US3685006 *Jun 24, 1970Aug 15, 1972Beckman Instruments IncCable connector
US3784459 *Jun 12, 1972Jan 8, 1974Ford Motor CoDevice for determining the activity of oxygen in molten metal
US4008141 *Aug 29, 1975Feb 15, 1977Horiba, Ltd.Combination pH electrode
US4105522 *Apr 21, 1975Aug 8, 1978Friedenberg Robert MGlucose level test apparatus
US4167300 *Jan 10, 1977Sep 11, 1979Proton AgMeasuring electrode, especially glass electrode
US4217194 *Dec 1, 1976Aug 12, 1980Max-Planck-Gesellschaft Zur Forderung Der Wissenschaften E.V.Instrument for polarographic potentiometric, thermal and like measurements and a method of making the same
US4273638 *Apr 21, 1980Jun 16, 1981American Hospital Supply CorporationDisposable electrolyte housing
US4284321 *Jun 5, 1979Aug 18, 1981Schott-Geraete GmbhElectrode head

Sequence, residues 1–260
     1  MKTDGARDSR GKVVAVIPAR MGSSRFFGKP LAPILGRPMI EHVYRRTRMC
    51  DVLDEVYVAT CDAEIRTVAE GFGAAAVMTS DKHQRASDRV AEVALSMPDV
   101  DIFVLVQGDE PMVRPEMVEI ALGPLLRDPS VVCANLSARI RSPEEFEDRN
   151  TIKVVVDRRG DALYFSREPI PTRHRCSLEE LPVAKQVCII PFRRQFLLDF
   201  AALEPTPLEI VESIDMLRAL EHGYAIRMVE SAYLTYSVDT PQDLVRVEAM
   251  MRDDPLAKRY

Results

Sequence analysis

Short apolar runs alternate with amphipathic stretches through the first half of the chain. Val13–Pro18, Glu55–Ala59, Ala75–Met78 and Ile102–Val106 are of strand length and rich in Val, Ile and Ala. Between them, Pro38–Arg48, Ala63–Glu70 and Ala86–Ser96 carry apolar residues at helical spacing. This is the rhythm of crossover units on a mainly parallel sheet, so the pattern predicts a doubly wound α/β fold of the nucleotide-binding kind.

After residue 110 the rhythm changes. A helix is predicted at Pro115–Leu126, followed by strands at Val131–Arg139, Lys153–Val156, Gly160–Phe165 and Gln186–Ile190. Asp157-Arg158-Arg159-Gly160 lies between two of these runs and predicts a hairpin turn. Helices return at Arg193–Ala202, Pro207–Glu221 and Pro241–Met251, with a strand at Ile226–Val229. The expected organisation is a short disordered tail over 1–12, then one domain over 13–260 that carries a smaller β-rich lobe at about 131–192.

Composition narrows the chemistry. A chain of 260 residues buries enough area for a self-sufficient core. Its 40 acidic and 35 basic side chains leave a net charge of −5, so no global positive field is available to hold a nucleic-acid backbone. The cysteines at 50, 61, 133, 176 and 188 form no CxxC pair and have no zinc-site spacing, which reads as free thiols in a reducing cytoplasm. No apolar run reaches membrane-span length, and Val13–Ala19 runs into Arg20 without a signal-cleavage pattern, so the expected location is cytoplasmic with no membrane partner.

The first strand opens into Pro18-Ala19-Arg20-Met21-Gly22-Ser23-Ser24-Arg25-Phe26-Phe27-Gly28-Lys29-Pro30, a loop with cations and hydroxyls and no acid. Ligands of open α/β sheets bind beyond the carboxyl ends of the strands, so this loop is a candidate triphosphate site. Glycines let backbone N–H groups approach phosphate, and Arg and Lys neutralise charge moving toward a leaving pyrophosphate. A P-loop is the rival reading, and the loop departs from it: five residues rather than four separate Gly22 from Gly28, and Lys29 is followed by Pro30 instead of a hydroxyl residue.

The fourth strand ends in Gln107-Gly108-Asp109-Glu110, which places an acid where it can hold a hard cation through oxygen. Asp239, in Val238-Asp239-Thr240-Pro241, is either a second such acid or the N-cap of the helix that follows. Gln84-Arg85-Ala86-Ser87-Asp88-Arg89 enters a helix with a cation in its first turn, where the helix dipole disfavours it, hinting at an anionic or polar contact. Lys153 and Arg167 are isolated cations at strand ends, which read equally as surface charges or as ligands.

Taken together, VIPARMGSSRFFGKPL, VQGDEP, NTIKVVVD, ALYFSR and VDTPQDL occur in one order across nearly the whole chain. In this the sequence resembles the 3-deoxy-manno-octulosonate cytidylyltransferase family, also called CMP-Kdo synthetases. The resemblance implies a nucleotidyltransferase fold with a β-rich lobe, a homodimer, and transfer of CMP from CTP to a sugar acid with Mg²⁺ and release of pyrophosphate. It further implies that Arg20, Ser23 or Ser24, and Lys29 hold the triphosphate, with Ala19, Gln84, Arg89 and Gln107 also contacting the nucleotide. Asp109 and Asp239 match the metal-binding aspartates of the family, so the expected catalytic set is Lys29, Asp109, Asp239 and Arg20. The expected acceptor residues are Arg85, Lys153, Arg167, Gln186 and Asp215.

US4466878 *Jan 12, 1983Aug 21, 1984Instrumentation Laboratory Inc.Electrochemical electrode assembly
US4657657 *Jul 5, 1984Apr 14, 1987Conducta Gesellschaft Fur Mess-Und Regeltechnik Mbh & Co.Multiple combination electrode with associated multi-point plug mount
DE2700880A1 *Jan 11, 1977Jul 21, 1977Proton AgMesselektrode, insbesondere glaselektrode
EP0113966A2 *Dec 6, 1983Jul 25, 1984Allied CorporationElectrochemical electrode assembly
Classifications
U.S. Classification204/420, 204/288, 285/256, 204/289, 204/279, 204/435, 204/271, 204/400, 204/272
International ClassificationG01N27/30, G01N27/28
Cooperative ClassificationG01N27/30, G01N27/28
European ClassificationG01N27/30, G01N27/28